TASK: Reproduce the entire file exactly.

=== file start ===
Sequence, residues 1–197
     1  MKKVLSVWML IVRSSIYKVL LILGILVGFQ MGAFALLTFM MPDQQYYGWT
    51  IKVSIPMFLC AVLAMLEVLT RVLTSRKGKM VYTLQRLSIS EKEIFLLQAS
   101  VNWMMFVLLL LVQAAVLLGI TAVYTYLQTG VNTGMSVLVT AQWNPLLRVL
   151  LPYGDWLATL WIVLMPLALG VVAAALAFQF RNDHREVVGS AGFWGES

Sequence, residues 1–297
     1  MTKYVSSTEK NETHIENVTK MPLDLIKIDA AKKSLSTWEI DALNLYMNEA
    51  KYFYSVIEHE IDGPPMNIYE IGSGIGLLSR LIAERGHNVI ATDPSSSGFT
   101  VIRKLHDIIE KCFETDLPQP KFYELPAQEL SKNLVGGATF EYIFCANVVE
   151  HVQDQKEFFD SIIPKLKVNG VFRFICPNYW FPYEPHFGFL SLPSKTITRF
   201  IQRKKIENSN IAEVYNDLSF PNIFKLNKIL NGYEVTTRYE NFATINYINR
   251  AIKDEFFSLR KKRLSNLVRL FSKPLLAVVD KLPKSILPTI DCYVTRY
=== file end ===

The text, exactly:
Sequence, residues 1–197
     1  MKKVLSVWML IVRSSIYKVL LILGILVGFQ MGAFALLTFM MPDQQYYGWT
    51  IKVSIPMFLC AVLAMLEVLT RVLTSRKGKM VYTLQRLSIS EKEIFLLQAS
   101  VNWMMFVLLL LVQAAVLLGI TAVYTYLQTG VNTGMSVLVT AQWNPLLRVL
   151  LPYGDWLATL WIVLMPLALG VVAAALAFQF RNDHREVVGS AGFWGES

Sequence, residues 1–297
     1  MTKYVSSTEK NETHIENVTK MPLDLIKIDA AKKSLSTWEI DALNLYMNEA
    51  KYFYSVIEHE IDGPPMNIYE IGSGIGLLSR LIAERGHNVI ATDPSSSGFT
   101  VIRKLHDIIE KCFETDLPQP KFYELPAQEL SKNLVGGATF EYIFCANVVE
   151  HVQDQKEFFD SIIPKLKVNG VFRFICPNYW FPYEPHFGFL SLPSKTITRF
   201  IQRKKIENSN IAEVYNDLSF PNIFKLNKIL NGYEVTTRYE NFATINYINR
   251  AIKDEFFSLR KKRLSNLVRL FSKPLLAVVD KLPKSILPTI DCYVTRY